29. 5 out of 5

    Rachel Wolohan

    I was so disappointed in this book. I really like Sophie Kinsella, but this was my first book under Madeline Wickham. I didn't like any of the characters. The plot took a very different twist than I was expecting from just judging it by the cover. I was so disappointed in this book. I really like Sophie Kinsella, but this was my first book under Madeline Wickham. I didn't like any of the characters. The plot took a very different twist than I was expecting from just judging it by the cover.

  30. 5 out of 5

    Katie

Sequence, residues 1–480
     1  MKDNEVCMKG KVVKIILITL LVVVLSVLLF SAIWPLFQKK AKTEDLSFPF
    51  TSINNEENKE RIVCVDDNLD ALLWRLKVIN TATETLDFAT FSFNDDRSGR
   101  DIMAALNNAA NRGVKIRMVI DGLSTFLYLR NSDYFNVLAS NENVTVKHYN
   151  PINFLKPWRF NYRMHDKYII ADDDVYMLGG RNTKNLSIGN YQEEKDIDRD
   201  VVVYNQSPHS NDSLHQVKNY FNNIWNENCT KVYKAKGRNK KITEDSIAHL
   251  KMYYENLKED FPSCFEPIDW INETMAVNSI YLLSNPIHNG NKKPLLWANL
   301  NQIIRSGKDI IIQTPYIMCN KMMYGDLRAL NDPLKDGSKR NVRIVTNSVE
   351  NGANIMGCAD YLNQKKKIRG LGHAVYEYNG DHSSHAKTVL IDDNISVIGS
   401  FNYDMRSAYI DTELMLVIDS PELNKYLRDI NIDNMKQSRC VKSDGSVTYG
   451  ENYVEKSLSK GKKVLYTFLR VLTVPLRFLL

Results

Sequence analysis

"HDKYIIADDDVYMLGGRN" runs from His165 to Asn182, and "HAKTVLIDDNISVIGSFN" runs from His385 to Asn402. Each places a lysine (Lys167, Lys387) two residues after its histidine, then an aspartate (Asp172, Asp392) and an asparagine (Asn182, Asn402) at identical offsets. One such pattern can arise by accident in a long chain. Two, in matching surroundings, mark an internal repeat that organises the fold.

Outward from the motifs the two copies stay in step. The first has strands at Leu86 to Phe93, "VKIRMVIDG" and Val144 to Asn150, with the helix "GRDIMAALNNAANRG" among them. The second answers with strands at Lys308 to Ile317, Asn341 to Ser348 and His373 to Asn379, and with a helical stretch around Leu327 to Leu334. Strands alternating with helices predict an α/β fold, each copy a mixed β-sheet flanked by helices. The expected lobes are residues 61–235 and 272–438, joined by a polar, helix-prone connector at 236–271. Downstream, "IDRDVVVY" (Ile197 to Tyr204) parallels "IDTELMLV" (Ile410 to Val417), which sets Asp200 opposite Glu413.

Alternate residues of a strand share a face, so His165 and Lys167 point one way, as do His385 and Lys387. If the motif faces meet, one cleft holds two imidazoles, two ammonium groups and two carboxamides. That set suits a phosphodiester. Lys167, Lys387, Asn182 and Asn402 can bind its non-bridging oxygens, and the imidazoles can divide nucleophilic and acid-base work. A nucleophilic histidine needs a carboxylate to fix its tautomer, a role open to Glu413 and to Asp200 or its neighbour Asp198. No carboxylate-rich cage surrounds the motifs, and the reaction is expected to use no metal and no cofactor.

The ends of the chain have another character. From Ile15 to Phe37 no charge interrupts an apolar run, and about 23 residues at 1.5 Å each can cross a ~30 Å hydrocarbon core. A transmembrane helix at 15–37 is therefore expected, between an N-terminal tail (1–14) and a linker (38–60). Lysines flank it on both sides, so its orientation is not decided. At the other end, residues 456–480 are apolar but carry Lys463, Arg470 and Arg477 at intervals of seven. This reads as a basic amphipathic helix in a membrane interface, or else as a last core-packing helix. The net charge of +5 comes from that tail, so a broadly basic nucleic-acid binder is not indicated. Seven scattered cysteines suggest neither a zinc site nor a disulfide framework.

Books by Madeleine Wickham (the real name of Sophie Kinsella) are the types of books you read when you're lying in the sun on holiday. You read it because it's easy and quick and, frankly, because it's the only book you packed. I predicted what was going to happen very quickly and I was right. I wanted to be shocked or, at the very least, feel something but it was just all so ... blah. The characters in Wickham's books are always rich with pretentious names (I mean noone is actually called Giles) Books by Madeleine Wickham (the real name of Sophie Kinsella) are the types of books you read when you're lying in the sun on holiday. You read it because it's easy and quick and, frankly, because it's the only book you packed. I predicted what was going to happen very quickly and I was right. I wanted to be shocked or, at the very least, feel something but it was just all so ... blah. The characters in Wickham's books are always rich with pretentious names (I mean noone is actually called Giles) who are hard to relate to. Their unlikely situations always pan out so perfectly that it's hard to connect or really lose yourself in the narrative. I love books to make me feel something. I like to care about characters and there's nothing I like more than to cry or laugh whilst reading a book. It means the writing is good. I love the power of words in creating such strong emotions in a reader. All I really felt whilst reading this book is boredom. I like to look forward to picking up my book after work and relaxing in a story that has me completely enchanted. Unfortunately, I found myself forcing myself to read this book all of this evening just to finish it and get it out the way so I can move on to reading something else. This isn't to say that I totally hated the book. That would be a lie. It was pleasant in parts but overall, it did not grip me or spark an interest in me. I've read three books by Sophie Kinsella writing as Madeleine Wickham but I'm not sure I'll be picking up another one any time soon.